Blogged on my Handspring on Friday night:
I'm sitting in the historic Senator Theater here in Baltimore, with my sons waiting for the start of Episode II. Kevin & Jonah are engaged in a vigorous debate with a kid in the row in front of us over the relative merits of Super Smash Brothers on Nintendo 64 and Super Smash Brothers Melee on GameCube, as well as the quality of the stories of the N64 “Zelda” games.
Now the movie's rolling. Previews: one for the Matrix sequels, one for a kid movie called “Like Mike” (a kid with no game finds a pair of Michael Jordan's sneakers hung over a telephone wire, gets hit by lightning pulling them down, and turns into a b-ball wunderkind), and one for Minority Report.
Handspring off for the feature.
And now the wrap-up
Attack of the Clones has now rolled credits. I have to say I enjoyed it, honestly–despite the mechanations to tie all of the plot points from the original series into the movie, it worked for me (and more importantly, my kids). I guess that's partially because I came in with low expectations. But I think the lambasting that the movie has gotten from the critics is, at least in part, George Lucas' own fault.
Okay, the acting was somewhat wooded; Yoda was the most well-developed character. But given the amount of action in the film, and the limited room for character development, it was almost a non-issue. The real problem is that Lucas' skill in producing escapist, “turn-off-your-brain” entertainment runs against everything everyone wants to attach to this movie–including Lucas' own “higher” goals of a love story. The lead weights attached to this movie are the story points George has to hit for continuity–the whole backstory for the original Star Wars depends on what happens in this movie, and that weight is what robs some of its energy.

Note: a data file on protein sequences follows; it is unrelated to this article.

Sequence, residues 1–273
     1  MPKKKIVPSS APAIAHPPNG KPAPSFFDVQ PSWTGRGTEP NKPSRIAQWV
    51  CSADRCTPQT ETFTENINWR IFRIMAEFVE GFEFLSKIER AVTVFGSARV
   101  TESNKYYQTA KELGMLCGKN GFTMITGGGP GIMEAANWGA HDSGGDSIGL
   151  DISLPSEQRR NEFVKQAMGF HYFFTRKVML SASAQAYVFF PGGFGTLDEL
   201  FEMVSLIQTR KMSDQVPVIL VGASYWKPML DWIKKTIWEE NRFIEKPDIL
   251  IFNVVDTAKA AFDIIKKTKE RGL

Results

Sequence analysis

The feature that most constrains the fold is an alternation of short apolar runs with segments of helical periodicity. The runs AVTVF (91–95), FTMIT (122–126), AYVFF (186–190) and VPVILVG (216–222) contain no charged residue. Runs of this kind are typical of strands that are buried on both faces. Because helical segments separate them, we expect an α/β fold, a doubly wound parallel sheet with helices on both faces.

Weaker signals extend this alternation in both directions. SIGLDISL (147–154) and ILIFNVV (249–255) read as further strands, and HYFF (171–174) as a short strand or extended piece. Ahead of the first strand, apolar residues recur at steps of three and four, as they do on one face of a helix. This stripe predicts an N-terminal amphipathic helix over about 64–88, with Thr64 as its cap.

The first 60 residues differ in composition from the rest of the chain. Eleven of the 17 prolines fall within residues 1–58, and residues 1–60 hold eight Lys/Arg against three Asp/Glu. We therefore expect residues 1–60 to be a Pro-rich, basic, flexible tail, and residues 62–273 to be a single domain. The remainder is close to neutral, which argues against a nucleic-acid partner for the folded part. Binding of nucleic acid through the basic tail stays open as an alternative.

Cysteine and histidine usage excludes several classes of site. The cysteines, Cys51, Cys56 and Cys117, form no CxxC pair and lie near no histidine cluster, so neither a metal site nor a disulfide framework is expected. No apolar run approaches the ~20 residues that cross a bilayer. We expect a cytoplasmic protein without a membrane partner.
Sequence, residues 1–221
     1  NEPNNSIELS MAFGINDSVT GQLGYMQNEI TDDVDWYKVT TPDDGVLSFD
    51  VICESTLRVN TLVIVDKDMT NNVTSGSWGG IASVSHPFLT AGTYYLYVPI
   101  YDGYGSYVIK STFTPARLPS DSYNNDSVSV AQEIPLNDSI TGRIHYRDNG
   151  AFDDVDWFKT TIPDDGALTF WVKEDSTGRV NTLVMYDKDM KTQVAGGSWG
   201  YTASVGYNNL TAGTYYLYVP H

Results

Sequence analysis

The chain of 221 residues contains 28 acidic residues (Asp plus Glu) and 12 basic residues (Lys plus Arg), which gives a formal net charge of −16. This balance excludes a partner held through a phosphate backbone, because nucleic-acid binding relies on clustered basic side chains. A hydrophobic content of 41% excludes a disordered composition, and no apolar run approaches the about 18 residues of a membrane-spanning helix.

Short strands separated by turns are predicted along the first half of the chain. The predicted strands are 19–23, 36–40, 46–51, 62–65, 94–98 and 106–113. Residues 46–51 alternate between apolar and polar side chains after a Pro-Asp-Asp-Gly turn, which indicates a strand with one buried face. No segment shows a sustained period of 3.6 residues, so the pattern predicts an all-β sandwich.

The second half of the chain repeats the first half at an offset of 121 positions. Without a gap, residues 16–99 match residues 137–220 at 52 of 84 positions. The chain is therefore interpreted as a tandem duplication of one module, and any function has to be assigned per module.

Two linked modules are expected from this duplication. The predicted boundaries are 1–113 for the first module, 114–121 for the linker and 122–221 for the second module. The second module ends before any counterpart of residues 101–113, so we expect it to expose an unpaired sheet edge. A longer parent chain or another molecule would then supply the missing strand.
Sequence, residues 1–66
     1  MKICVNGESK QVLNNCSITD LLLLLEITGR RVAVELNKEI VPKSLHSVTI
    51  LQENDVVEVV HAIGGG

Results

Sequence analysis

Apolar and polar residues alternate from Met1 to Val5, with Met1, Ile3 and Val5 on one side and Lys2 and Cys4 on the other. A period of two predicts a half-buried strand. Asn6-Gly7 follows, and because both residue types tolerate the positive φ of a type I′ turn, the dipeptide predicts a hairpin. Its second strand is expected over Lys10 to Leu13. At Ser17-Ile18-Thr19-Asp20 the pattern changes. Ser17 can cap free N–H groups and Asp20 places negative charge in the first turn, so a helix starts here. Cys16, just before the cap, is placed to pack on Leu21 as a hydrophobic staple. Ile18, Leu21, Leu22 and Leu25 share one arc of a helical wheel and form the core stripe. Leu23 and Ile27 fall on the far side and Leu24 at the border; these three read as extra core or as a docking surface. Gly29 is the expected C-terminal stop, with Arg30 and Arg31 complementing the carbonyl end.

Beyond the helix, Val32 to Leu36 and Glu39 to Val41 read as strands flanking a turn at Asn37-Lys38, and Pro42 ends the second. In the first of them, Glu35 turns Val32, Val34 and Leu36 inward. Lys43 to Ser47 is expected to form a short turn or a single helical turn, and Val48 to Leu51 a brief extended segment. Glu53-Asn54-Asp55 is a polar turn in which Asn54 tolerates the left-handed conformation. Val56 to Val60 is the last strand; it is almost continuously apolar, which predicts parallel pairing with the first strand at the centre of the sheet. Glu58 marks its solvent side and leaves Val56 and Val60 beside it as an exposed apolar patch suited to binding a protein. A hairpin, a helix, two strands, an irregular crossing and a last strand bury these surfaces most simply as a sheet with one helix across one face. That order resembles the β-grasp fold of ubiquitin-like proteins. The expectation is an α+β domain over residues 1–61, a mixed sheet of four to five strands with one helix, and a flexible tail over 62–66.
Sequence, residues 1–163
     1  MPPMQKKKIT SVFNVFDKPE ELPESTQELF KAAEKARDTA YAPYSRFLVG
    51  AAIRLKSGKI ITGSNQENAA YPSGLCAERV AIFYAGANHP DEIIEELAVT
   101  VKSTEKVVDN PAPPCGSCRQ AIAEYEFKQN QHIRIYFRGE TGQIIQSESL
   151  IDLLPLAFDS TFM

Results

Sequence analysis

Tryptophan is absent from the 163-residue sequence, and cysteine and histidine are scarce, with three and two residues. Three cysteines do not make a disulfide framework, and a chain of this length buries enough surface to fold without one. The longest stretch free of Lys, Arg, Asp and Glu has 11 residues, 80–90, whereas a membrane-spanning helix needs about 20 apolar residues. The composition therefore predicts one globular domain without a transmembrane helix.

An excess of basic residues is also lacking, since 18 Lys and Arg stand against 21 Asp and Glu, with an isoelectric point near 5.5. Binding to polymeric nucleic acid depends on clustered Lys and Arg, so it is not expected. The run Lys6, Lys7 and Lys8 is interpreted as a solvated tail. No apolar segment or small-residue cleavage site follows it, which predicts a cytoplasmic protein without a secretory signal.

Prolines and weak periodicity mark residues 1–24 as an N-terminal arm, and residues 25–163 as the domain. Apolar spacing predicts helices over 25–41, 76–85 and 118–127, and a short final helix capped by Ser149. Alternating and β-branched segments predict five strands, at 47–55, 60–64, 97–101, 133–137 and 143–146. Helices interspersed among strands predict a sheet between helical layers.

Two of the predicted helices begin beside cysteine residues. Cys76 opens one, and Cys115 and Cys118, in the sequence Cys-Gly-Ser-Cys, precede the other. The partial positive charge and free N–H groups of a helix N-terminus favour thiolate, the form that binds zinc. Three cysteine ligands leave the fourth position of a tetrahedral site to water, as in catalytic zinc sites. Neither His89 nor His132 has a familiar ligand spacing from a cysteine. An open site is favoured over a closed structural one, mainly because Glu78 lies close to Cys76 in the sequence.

Annakin is written and played as a sulking teenager. My 11-year old can connect with him on a base level. Any male who went through puberty can; Hayden Christensen plays him as the adolescent id, with little if any impulse control. He's all emotion, no intellect–the high school quarterback with super powers, trying to impress the head cheerleader. That doesn't make for a whole lot of sympathy for him from adults, mind you. But you can see where he's going.
Criticism of the performance of Natalie Portman and Hayden Christensen is pointless. There's so little to work with for the two of them to develop the “love story” grafted onto this action film that the chemistry can seem forced at times.
But chemistry is not what the core Star Wars constituency (male geeks, teenagers and preteens) cares about. All the older ones *really* want to see is Natalie Portman in something as close to the slave girl outfit Carrie Fisher had to wear for “Return of the Jedi” as possible.
Given that George Lucas is making these movies as wholesome as possible for the preteen toy-demanding set (aside from all the computer-generated violence crammed into them), it's doubtful that they'll ever see something like that again, or anything more passionate than light kissing and low-grade sexual tension in the final installment.
But my kids don't care. My 8-year old closed his eyes through the few kissing scenes. And my 11-year old was more concerned about the fate of Jango Fett, the bounty hunter–whom he considered the most interesting character in the movie. (Frankly, I did too, and found myself rooting for him against Ewan McGregor's Obi-wan).
So the movie works for its real intended audience–kids who can't get into a PG-13 movie on their own. It's the most expensive sci-fi serial adventure series of all time, 40 years after the genre's prime. Like Lucas says, “It's just a movie.” If you want some real exploration of psychology, go see a Sam Raimi movie–like <a href=Spider-man.